Monday, July 14, 2014

Sites : Ounalom Temple Phnom Penh

You are at - Jotaro's Blog / Footsteps /  Sites / Ounalom Temple Phnom Penh
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Phnom Penh, Cambodia - June 2014
The Ounalom Temple located at Sisowath Quay (that's the river-front road at Phnom Penh's Mekong riverside) is often overlooked by tourists. I myself have passed by it many times and had not gone in. Most tourists will visit the Royal Palace and the Royal Museum and give this a miss. This time round, I made up my mind to go in and see what's inside.
Ounalom is the main Buddhist temple in Phnom Penh. There are many temples in Phnom Penh and Ounalom is the largest.

From my hotel I cycled over to the temple, it was just after 5:00 pm; but dusk starts setting in at this time so my photos may not be the best. Go there around 3:00 pm. Entry is free and the monks there are warm and welcoming. Just respect the place and follow whatever customs is required (like taking of you shoes to enter the temple) and don't make a nuisance of oneself.

Front view of the main temple.
The buildings in this temple complex looks relatively new, but Ounalom is actually a very old temple being founded in 1443 AD. The original buildings suffered massive destruction during the Khmer Rouge period (i.e. the mid- to late 70s). Many of the forty-four building in the complex has since been rebuilt. In fact, some construction are still ongoing.

Entry is through this pagoda-like  main archway facing the riverside. There is another entrance near this but that is normally closed.

A close-up view of this arch shows the detailing of carvings on it's tiers.

On entering, to one side I was greeted by a almost life-sized elephant statue. A Cambodian lady with her bright dress added colour to the scene. Oh, yes... that's my bicycle there, it wanted to join in the scene.

A historical horse carriage, the poor horse is missing a leg.

A large golden bell hangs on strong steel trestles, ready to ring out at scheduled times.

The ring that holds up the bell is a cast iron dragon. Curiously, there are Chinese characters on the bell.

A dark grey centopath more than thirty feet tall is also situated in the gardens, perhaps it is a tomb?

Near the steps leading up to the main temple, a water-buffalo sits idly and gazes nonchalantly into the distance.

The Main Temple (called the Preah Vichear) sits on a platform about twenty feet above ground.

 Right at the top of the roof a red pagoda shoots up.

Instead of the usual elephant trunks, the corners of the roof hips are decorated with stylized dragon heads

A close up look at one of the dragon head sculptures that adorn the roof hip corner.

Inside, at the centre front is the altar for praying and offerings. Carpets are laid on the floor for devotees to sit/kneel and pray.

A close-up look at the altar statues.

 A look at the Main Temple Prayer Hall from a corner. Carpets are laid at the centre, with spare rolls on standby for laying at the sides (i.e. during festival days when more devotees come). The floor is laid with floral pattern tiles and the ceiling sectionalized with golden drop boxes.

To the front left is a painting of Buddha receiving gifts from a kneeling elephant. Around Buddha's head is a flashing halo.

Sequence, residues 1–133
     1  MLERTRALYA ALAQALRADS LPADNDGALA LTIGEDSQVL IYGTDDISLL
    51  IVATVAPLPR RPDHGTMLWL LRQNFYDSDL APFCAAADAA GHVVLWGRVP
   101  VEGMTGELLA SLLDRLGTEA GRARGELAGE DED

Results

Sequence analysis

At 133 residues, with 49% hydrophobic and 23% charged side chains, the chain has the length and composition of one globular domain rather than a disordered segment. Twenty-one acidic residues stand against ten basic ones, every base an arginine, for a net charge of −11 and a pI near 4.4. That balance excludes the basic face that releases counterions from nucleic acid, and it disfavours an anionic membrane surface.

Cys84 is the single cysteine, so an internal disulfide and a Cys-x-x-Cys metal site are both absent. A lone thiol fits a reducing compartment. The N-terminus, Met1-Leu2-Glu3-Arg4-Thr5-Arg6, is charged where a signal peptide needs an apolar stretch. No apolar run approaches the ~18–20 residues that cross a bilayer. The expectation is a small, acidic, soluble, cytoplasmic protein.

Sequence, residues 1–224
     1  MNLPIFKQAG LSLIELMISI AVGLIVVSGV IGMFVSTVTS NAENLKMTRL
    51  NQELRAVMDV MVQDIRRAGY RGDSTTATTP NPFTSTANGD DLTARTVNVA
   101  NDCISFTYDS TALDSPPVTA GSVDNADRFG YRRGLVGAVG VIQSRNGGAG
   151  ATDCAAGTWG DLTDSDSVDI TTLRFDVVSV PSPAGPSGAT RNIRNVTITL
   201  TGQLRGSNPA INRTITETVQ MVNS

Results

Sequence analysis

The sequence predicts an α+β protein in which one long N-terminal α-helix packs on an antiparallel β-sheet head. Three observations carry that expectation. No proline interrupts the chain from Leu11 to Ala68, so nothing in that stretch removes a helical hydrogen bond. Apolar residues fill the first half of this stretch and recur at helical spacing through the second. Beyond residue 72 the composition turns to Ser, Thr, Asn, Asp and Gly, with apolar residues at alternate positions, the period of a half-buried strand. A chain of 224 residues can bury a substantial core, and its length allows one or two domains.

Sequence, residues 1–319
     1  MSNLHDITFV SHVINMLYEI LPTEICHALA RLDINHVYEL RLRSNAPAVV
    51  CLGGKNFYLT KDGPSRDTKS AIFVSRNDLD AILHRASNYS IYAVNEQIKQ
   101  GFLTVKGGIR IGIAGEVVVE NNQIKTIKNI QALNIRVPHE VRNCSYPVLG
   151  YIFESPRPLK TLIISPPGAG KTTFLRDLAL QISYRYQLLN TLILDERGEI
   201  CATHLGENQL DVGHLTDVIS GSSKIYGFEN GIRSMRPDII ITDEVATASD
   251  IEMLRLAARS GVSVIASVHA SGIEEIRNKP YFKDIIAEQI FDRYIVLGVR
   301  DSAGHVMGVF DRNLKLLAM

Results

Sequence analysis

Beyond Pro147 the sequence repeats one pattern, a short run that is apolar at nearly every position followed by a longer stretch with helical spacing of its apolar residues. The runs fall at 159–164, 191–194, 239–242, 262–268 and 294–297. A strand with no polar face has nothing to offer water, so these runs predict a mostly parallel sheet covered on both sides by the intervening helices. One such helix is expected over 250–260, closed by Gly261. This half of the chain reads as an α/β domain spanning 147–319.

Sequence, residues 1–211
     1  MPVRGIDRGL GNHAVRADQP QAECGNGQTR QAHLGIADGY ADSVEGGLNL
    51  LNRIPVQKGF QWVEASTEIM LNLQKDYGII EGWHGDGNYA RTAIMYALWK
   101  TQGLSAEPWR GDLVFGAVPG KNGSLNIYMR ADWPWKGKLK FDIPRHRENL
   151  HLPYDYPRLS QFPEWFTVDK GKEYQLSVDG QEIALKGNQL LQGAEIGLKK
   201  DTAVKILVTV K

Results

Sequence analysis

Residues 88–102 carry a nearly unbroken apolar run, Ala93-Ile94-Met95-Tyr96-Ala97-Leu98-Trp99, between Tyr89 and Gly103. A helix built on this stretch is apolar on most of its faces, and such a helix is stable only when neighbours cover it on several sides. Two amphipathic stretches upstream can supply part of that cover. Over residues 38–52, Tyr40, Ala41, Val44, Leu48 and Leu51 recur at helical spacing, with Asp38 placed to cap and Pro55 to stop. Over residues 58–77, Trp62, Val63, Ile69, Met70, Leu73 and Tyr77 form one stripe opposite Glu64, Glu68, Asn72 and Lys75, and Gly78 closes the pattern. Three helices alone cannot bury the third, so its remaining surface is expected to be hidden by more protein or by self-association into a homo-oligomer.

I was lucky to witness a scene of a reposing lady devotee being blessed with holy water by a kneeling monk.

Ounalom Temple has forty-four buildings/structures within its grounds. Looking from the riverside, the four main building fronts the road. The Main Temple is the the third building from the left. The left most building (shown in photo above) seems to house an office or administrative centre. It's a simple squarish building but yet has some embellishment to give it the Khmer look. The roof is two tiered, with the lower tier covered with red clay tiles. The upper roof has a gable ends with a floral carvings. Nagas (dragons) sits on the corners of both roofs.

Each of the gable end is topped with an elephant trunk carving as can bee seen in the silhouette photo above.

Apsara (Khmer angels) at the eaves "hold up" the roof.

  A closer look at the corner Apsara.

To the left and right of the Main Temple are two building of almost similar design. The right smaller one (shown above) probably housed the Buddhist Library before it was relocated in 1999 to the new Buddhist Institute at Sihanouk Boulevard. To the right of this can be seen the Great Stupa.

This one has golden Apsaras holding up the roof.

The Great Stupa.

The building on the left of the Main Temple seems to be two connected buildings, one in front of the other. Was this the building that housed the Buddhist Institute previously?

This building have a secondary green theme. Green trimmings decorate the roof edges and doorway arches are with elaborate green carvings.

Green arches decorates the window tops.

The column corbels is a curiosity, are they stylized snakes or elephant trunks?

Fierce looking green dragons heads adorn the corners of the roof.

The new Buddhist Institute at Sihanouk Boulevard.

At a back corridor stone Khmer soldiers of old guard the most important building of this temple complex - the mausoleum.

The orange Mausoleum. This is reported to hold the eyebrow (in Cambodian called Ounalom, hence the name of the temple) of Buddha.

Samdach Sothearos Boulevard, Phnom Penh, Cambodia.
GPS: 11.568149,104.930299

View Ounalom Temple Phnom Penh in a larger map

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